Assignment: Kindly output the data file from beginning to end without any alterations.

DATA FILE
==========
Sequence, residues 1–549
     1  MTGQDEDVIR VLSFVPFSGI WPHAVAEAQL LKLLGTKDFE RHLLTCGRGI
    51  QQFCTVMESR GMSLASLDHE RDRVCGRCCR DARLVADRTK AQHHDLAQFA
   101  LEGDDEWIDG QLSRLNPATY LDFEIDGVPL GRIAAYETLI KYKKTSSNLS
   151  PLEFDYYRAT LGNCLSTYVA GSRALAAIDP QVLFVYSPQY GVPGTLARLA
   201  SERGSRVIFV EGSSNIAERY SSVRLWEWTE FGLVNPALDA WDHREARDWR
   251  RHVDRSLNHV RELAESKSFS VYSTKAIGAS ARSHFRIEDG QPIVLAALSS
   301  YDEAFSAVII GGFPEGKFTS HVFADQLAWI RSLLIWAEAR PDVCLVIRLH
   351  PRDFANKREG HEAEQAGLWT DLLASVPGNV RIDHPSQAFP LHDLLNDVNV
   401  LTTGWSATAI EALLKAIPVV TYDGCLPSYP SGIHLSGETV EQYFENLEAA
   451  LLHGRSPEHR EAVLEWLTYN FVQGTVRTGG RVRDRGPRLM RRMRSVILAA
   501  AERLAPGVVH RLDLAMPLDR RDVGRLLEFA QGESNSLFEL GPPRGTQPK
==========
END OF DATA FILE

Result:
Sequence, residues 1–549
     1  MTGQDEDVIR VLSFVPFSGI WPHAVAEAQL LKLLGTKDFE RHLLTCGRGI
    51  QQFCTVMESR GMSLASLDHE RDRVCGRCCR DARLVADRTK AQHHDLAQFA
   101  LEGDDEWIDG QLSRLNPATY LDFEIDGVPL GRIAAYETLI KYKKTSSNLS
   151  PLEFDYYRAT LGNCLSTYVA GSRALAAIDP QVLFVYSPQY GVPGTLARLA
   201  SERGSRVIFV EGSSNIAERY SSVRLWEWTE FGLVNPALDA WDHREARDWR
   251  RHVDRSLNHV RELAESKSFS VYSTKAIGAS ARSHFRIEDG QPIVLAALSS
   301  YDEAFSAVII GGFPEGKFTS HVFADQLAWI RSLLIWAEAR PDVCLVIRLH
   351  PRDFANKREG HEAEQAGLWT DLLASVPGNV RIDHPSQAFP LHDLLNDVNV
   401  LTTGWSATAI EALLKAIPVV TYDGCLPSYP SGIHLSGETV EQYFENLEAA
   451  LLHGRSPEHR EAVLEWLTYN FVQGTVRTGG RVRDRGPRLM RRMRSVILAA
   501  AERLAPGVVH RLDLAMPLDR RDVGRLLEFA QGESNSLFEL GPPRGTQPK